Bernie McGrath will tell you he is no Iron Chef. Even with a chile verde dish that has won him plaudits plus first place “aprons” for two years in a row.
He will simply say, “I was a bachelor for a long time, so I cooked all the time.” But that was not because he had to. No one could kick him out of his kitchen even if they tried.
“I’ve always liked cooking,” said the soft-spoken and down-to-earth former tile setter with a beard and mustache that could have him pass as Santa if he wears the red hat instead of his narrow-brimmed sombrero.
He is also not picky when it comes to the type of cuisine he’ll try his hands on. As he laughingly puts it, “You can’t always have steak and potatoes.”
The former Santa Cruz resident mastered his south-of-the-border cuisine while married for nearly 30 years to a business woman was “part Mexican, part Native American.” His Colorado-born wife, Tyra, passed away two years ago. She was the owner of Tyra’s Skin Care and Body Spa located on the northwest corner of Center Street and Maple Avenue in downtown Manteca, across from the post office.
Actually, said McGrath, it was Tyra’s mother, Grandma Marie who was better known as “Grandma Honey who was the good cook.” His late wife was just as good a cook though, he clarified. But she was also his toughest critic when it came to his culinary creations, especially his Mexican dishes and, in particular, his chile verde.
He laughed as he recalled what she used to say after tasting his chile verde dish: “She’d say, ‘That’s gringo verde.’ It wasn’t hot enough for her.”
Fortunately for McGrath, he has a daughter who has the perfect taste when it comes to a winning chile verde dish. He said his daughter Desire, a graduate of Manteca High, is his “official taster.”
She was his food taster when he won first place in the 2010 De Leon Family Chile Verde Cook-off, and again at the recently completed cook-off challenge featuring the same dish earlier this month. “Thumbs up from her means it’s good; it’s just right. But when she says A-OK (with her fingers), it’s time to turn in the dish,” McGrath said laughing.
At the last cook-off, McGrath said his friend John Day and cooking team-mate advised him not to make his chile verde too spicy.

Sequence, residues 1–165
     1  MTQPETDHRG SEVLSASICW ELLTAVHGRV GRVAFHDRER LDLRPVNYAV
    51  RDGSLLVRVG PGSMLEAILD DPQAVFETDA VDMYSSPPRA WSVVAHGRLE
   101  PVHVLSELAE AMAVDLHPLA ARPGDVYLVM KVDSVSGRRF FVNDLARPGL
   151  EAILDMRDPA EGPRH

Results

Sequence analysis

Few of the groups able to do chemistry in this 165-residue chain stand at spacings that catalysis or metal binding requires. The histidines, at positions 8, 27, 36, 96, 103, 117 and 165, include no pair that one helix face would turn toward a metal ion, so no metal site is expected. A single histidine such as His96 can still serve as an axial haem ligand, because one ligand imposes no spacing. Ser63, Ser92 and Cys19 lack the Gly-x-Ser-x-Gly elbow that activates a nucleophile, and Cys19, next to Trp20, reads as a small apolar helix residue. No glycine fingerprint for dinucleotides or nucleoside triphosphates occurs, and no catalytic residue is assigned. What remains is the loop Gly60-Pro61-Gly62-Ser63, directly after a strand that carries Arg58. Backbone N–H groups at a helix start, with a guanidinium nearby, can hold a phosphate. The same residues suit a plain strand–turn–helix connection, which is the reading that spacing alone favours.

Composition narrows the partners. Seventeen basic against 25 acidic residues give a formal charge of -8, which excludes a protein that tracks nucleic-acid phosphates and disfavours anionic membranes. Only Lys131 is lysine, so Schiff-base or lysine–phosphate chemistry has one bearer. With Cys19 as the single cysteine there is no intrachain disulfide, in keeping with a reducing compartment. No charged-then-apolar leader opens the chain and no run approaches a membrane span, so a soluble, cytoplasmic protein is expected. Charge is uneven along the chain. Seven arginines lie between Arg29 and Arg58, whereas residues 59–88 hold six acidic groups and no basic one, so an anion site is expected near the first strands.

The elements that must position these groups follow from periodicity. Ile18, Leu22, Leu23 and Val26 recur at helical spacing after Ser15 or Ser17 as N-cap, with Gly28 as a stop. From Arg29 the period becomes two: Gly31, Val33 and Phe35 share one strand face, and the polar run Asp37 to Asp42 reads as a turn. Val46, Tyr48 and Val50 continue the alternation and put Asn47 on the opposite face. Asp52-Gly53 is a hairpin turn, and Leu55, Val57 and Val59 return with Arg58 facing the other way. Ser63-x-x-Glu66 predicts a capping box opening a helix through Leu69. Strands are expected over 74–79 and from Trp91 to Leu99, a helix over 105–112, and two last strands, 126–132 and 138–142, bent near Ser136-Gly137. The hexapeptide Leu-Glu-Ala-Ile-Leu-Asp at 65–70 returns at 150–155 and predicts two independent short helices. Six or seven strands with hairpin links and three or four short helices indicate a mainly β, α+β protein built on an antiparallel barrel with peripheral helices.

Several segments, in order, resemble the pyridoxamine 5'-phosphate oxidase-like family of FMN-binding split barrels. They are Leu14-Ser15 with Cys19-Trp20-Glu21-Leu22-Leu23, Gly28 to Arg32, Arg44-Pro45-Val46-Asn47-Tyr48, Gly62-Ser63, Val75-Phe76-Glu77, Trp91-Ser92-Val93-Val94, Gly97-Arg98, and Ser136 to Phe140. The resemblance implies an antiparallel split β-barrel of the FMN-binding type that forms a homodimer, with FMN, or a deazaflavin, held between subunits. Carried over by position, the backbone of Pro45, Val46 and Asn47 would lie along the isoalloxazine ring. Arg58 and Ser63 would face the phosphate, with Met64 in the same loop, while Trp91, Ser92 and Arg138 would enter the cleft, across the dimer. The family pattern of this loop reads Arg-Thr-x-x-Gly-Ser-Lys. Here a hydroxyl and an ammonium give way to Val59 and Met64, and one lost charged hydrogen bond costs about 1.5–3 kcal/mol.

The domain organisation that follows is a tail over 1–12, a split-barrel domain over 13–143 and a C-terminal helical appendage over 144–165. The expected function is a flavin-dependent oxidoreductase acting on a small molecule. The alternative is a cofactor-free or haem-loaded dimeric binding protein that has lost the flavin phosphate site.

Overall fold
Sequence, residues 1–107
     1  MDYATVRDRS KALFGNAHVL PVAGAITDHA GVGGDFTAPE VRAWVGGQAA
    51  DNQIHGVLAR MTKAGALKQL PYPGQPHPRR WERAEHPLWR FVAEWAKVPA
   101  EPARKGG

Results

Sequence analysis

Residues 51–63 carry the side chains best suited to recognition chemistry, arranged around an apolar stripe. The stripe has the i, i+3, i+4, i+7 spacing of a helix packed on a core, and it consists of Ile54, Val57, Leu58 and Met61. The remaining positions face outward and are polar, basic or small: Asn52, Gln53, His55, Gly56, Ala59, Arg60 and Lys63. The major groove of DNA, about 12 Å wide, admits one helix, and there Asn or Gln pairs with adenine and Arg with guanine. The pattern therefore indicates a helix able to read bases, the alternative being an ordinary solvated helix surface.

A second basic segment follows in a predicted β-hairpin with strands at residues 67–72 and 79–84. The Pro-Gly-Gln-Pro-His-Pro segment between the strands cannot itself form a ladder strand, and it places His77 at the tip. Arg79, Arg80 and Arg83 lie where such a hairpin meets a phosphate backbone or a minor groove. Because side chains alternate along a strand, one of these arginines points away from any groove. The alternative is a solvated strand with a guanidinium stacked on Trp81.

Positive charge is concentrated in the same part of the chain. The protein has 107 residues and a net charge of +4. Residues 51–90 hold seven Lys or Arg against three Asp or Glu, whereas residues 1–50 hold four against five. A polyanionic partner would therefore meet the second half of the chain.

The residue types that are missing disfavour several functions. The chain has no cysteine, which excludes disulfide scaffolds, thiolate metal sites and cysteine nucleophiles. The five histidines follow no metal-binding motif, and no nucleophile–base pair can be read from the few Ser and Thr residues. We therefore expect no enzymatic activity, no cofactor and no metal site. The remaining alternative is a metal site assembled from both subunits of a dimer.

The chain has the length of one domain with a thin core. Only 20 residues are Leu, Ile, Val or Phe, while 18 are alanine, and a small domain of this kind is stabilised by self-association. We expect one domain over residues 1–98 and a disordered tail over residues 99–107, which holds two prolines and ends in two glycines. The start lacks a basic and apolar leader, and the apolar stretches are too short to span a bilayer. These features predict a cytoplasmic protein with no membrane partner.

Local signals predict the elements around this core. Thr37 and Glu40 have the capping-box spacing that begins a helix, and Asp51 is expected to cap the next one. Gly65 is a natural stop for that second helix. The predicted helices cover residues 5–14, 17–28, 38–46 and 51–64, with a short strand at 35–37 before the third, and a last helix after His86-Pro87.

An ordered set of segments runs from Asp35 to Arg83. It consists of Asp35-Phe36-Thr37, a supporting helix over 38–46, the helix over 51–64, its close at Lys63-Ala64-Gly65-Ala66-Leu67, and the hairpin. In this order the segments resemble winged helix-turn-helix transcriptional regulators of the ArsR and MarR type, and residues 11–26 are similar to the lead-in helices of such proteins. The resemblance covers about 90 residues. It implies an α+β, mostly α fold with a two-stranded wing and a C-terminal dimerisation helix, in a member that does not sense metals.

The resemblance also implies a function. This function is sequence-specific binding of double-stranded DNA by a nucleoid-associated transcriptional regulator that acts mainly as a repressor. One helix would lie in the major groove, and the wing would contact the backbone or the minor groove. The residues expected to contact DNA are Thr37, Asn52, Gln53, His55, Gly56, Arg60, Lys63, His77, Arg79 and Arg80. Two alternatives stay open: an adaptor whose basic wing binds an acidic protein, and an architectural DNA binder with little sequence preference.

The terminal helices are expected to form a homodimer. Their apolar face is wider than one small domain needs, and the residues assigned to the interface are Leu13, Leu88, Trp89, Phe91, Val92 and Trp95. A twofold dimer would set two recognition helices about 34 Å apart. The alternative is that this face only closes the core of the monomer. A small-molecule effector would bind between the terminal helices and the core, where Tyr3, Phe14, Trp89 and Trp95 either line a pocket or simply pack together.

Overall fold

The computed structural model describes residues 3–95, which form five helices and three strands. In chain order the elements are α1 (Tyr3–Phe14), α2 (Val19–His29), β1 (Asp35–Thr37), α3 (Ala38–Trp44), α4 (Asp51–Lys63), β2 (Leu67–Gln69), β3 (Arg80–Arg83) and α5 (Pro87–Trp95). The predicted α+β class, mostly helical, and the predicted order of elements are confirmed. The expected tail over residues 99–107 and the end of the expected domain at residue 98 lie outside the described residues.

“There’s a lot of older women here; you’ll fry them,” McGrath recalled John Day reminding him.
Personallly, said McGrath, “I like it hot, but they (the De Leon family members) like it scalding!”
McGrath and his good friend John made up the winning Green Machine Team, the name emblazoned in their cook-off T-shirt. Day was the prep cook or sous chef of sorts. “I’m the cook, he’s the chopper. We both do the shopping, and we both cut the meat,” explained McGrath. But Day chops all the rest of the ingredients. The two like to keep their recipe secret, but McGrath volunteered to name, at least, the basic ingredients that they use without mentioning any specific measurements or amounts. They use pork, of course, tomatillo, garlic, mixed peppers, and spices to taste.
Although many of the cook-off contestants, all members of the seven-generation De Leon family, worked alone, McGrath and Day teamed up so as not to go beyond the limited time set for cooking which is about three hours.
And, although the cooks are only required to make enough chile verde for the judges, the Green Machine Team made 4-1/2 gallons which was enough to feed many of the guests at the event held at the historic Manteca Winery on Oak Street.
McGrath and Day were invited to the cook-off, a De Leon family tradition, because they were good friends of some members of the family. The cook-off is limited to just family members.
Since the event is mainly for camaraderie, McGrath and Day donated back half of the money that they won in the contest to the family cook-off to help with next’s year’s event.